After visiting several of Australia’s wine regions while traveling, and having not visited one for at least a month, Simon planned a weekend away to revisit Australia’s oldest wine region – Hunter Valley. Although this time, I would be coming away with something much better than wine knowledge and a sore head.
After finishing work early on the Friday and making the short two hour drive from Sydney, we arrived at our accommodation for the weekend, the Déjà vu Estate. Although there was nothing déjà vu about it, we had definitely never stayed anywhere like this before.
The Déjà vu Estate is a private and secluded winery situated in Pokolkin, in the heart of Hunter Valley. We had a huge cabin to ourselves, including an outside deck and hot tub, a bed made of wine barrels and even our own private lake.
Given we are used to sharing a small flat in Sydney, we decided to make the most of having so much space to ourselves and spent Friday night making sushi and sampling some of the local wine, ensuring we were relaxed and ready for our early morning wakeup call the next day.
We woke up at 4am the next morning, after a disturbed sleep, consisting of Simon tossing and turning all night and being eaten alive by Mosquitos. Apparently, no matter how much you pay for accommodation Mosquitos can still get in. Still half asleep we made our way to Peterson’s Winery for a sunrise hot air balloon flight over the valley with Balloon Aloft.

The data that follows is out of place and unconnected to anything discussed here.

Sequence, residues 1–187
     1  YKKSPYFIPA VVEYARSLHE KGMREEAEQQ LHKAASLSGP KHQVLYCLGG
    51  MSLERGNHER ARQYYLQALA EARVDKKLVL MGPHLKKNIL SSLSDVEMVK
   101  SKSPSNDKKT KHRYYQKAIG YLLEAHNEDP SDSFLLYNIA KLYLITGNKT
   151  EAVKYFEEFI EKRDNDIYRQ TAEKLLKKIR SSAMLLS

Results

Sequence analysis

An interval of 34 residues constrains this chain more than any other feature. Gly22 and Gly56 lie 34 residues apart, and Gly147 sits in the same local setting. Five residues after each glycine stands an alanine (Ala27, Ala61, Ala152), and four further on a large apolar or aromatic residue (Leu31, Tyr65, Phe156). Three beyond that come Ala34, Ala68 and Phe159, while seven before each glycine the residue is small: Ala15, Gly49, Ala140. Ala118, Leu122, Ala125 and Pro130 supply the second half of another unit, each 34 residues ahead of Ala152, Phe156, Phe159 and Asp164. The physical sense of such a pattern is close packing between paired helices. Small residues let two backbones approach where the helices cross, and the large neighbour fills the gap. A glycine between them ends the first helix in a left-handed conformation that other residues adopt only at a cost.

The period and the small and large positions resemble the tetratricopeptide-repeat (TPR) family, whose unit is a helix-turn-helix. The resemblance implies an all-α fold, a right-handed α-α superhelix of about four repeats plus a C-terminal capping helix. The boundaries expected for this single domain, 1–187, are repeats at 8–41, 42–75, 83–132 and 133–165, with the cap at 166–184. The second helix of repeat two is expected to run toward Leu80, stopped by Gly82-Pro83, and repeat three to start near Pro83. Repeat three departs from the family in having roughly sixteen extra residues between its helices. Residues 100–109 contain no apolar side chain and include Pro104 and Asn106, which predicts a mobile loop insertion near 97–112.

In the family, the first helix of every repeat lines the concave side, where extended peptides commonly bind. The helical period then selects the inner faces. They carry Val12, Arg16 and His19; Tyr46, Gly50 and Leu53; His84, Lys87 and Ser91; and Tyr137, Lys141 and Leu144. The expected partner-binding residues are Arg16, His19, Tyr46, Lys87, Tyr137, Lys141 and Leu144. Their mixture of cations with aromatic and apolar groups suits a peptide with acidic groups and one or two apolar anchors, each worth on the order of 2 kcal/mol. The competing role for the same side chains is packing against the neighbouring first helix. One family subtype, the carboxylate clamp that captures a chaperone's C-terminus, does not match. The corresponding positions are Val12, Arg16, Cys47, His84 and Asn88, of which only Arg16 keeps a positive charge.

The morning was crisp, clear and perfect flying conditions. After around 20 minutes of watching the large balloons slowly inflate, it was time for us to climb into our basket and prepare for take-off. There was nothing elegant about getting into the basket, as we swung ourselves over the side. After one false start, we began our gentle ascent, with the other balloons below us gradually becoming smaller as we climbed to 1000ft.
The balloon seamlessly floated up to 4000ft above the ground, and we were treated to spectacular views of the sun rising over the valley. The experienced and knowledgeable pilot explained that he was only able to steer the balloon by ascending or descending into winds going in different directions or different speeds. We both found this very interesting, but also slightly scary given how high up we were!
Despite already experiencing a seaplane and helicopter in Australia, this was the most spectacular scenic flight yet. Both the descent and landing were just as smooth as take-off, and it was then all hands-on-deck to pack away the 80ft x 50ft balloon.
This was followed by a well-deserved champagne breakfast (yes at 9am it’s not brunch) at Peterson’s House. We enjoyed this on the terrace, overlooking the beautiful lake, although I was far more interested in my Blueberry Pancakes.
Next, we made a quick visit to the Hunter Valley Gardens, situated along Broke Road on the Pokolbin trail. It was a perfect sunny autumn day of 25 degrees, so we walked around the beautiful gardens and lake, stopping to admire the wedding ceremony set up for tomorrow’s wedding fair. With the lack of sleep catching up with us, we grabbed a coffee in one of the Garden’s cafés, ready for the upcoming wine tasting.